White has noticed that anyone so lucky as to snag a res at French’s Lost Kitchen restaurant, in an old gristmill in rural Freedom, rates the experience on a scale from “exceptional” to “magical.” The cookbook captures that same magic — warm personality, humble storytelling, and recipes rooted in the land.
“Maybe no one needs porcupine meatballs on their table anymore,” White says, “but it’s fun to read the recipe.” And Standish’s chowders, fiddleheads, and other Maine classics are as relevant as when the cookbook dropped in 1969.
An early-thirtysomething New Yorker ditches city life to find romance on the Maine coast. “It would shock no one to learn we receive a lot of requests for ‘vacation reads,’” White says. The protagonist of this charmer of a novel loves to cook, so Kline strews great recipes throughout.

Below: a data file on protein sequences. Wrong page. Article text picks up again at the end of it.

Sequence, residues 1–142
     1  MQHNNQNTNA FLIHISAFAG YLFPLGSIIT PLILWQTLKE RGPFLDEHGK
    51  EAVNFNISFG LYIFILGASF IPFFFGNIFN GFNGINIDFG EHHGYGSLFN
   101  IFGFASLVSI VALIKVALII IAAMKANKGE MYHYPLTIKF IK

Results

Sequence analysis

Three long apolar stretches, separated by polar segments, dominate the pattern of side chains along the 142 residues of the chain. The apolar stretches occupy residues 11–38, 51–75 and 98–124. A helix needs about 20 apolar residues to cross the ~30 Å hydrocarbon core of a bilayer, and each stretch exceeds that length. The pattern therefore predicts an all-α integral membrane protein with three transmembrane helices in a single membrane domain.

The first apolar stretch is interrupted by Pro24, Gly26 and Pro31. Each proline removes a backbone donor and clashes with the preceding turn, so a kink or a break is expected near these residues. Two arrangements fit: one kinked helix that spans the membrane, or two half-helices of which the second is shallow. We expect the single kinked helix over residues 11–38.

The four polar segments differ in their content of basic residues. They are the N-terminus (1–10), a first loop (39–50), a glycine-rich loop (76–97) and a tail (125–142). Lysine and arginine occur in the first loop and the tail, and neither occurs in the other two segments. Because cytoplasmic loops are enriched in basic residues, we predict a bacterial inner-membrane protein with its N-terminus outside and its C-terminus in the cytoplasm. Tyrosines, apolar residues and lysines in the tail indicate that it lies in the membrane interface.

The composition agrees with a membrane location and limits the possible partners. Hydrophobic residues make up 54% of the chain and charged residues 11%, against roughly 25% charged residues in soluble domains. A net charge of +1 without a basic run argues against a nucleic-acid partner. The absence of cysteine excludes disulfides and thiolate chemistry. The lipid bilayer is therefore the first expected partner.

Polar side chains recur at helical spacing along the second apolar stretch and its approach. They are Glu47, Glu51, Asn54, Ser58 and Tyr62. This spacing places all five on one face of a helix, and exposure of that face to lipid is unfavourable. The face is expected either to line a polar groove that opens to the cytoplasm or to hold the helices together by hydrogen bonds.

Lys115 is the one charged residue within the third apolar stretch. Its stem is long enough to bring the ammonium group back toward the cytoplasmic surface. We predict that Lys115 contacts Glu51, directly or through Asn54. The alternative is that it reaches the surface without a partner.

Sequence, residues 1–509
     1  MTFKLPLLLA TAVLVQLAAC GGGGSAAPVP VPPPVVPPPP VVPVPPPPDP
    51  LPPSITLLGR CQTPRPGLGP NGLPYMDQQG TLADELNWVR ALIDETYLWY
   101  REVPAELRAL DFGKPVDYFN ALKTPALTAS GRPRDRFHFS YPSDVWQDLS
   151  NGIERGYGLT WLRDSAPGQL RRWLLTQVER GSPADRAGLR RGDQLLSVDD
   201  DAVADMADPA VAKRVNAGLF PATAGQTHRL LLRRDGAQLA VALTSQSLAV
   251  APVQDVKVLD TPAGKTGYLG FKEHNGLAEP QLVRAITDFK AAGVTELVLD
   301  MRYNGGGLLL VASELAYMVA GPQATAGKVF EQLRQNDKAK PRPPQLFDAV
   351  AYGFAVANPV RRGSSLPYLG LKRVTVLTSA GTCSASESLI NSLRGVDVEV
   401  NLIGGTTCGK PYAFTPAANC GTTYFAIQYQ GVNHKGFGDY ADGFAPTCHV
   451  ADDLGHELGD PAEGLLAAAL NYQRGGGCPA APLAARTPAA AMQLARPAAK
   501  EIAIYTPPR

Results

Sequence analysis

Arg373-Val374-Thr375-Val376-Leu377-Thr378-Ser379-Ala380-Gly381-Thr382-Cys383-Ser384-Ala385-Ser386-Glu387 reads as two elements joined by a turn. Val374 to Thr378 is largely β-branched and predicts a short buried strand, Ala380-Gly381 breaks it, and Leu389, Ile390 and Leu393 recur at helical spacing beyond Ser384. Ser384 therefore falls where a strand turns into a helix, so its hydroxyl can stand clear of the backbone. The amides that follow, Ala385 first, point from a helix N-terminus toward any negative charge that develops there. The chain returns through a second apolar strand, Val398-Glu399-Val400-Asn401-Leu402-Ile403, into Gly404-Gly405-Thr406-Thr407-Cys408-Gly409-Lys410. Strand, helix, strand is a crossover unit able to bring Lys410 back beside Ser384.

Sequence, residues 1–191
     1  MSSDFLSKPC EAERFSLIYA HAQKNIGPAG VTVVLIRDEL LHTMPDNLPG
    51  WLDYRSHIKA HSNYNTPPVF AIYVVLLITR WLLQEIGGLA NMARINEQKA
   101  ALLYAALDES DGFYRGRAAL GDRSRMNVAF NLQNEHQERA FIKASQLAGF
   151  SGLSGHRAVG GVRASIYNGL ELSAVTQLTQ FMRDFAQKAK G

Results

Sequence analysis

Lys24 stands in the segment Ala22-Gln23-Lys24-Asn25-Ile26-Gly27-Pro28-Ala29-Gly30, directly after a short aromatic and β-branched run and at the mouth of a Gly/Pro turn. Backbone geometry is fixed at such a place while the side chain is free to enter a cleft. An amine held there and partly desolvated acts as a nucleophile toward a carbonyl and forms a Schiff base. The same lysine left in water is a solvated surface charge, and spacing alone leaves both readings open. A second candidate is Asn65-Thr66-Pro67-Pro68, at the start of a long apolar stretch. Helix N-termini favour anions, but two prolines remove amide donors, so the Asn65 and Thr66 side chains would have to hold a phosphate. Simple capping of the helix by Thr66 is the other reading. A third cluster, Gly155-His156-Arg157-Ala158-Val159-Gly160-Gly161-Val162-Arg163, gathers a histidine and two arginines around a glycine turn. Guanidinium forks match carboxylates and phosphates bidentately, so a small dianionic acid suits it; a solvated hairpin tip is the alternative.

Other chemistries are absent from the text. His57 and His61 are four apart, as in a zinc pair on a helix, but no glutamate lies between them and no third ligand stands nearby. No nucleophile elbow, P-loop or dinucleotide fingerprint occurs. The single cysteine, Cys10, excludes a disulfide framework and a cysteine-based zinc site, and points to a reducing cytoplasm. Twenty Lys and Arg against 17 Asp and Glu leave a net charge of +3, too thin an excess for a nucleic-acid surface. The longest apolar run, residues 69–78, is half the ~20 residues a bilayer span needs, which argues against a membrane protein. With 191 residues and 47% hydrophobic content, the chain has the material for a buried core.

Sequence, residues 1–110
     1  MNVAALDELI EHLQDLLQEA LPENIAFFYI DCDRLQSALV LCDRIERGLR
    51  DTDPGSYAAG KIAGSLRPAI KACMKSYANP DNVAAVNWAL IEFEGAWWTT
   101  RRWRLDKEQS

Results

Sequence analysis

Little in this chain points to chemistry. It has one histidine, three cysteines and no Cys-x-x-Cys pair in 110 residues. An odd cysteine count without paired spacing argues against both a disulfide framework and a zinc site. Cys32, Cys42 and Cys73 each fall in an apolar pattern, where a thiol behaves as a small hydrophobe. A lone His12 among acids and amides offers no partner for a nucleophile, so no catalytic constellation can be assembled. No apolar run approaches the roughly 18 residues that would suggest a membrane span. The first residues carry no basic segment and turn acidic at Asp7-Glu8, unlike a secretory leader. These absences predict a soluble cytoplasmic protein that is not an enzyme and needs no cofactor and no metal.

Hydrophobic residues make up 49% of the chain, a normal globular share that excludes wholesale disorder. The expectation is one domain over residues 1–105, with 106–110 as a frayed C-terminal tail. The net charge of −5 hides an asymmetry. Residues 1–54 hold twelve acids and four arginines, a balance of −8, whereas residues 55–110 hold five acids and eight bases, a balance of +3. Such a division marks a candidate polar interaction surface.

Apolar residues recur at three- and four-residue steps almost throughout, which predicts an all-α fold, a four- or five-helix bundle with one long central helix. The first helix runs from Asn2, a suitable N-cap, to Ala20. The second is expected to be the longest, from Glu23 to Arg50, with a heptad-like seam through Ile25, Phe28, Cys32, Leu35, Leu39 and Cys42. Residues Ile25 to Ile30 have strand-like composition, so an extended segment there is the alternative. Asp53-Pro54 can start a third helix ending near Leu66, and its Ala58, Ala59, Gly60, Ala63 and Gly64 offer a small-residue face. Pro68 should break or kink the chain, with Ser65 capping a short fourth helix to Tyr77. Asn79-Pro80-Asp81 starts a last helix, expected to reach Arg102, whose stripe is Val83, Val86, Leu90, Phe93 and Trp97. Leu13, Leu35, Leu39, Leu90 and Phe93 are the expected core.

Down East contributor Ahearn runs a Lincolnville cooking school. “This book embodies a lot of what makes our part of the world special,” White says. “It’s rustic and refined. It’s unintimidating, but you still have to work for it. And it celebrates our incredibly varied seasons.”
Altiero’s 27-year-old Rockland standby, Cafe Miranda, is a riot of chatter, kitsch, and fusion-y flavors. “You won’t miss the energy of the cafe,” White says, “because the book bursts with personality too. Plus, with long winters, Mainers require a lot of comfort food.”
33 Bay View St. 207-230-7335.Support Maine booksellers! During the COVID-19 shutdown, Owl & Turtle is taking orders by phone and continuing its book-of-the-month club, with a monthly surprise title on your doorstep in the genre of your choice (the shop carries much more than food books!).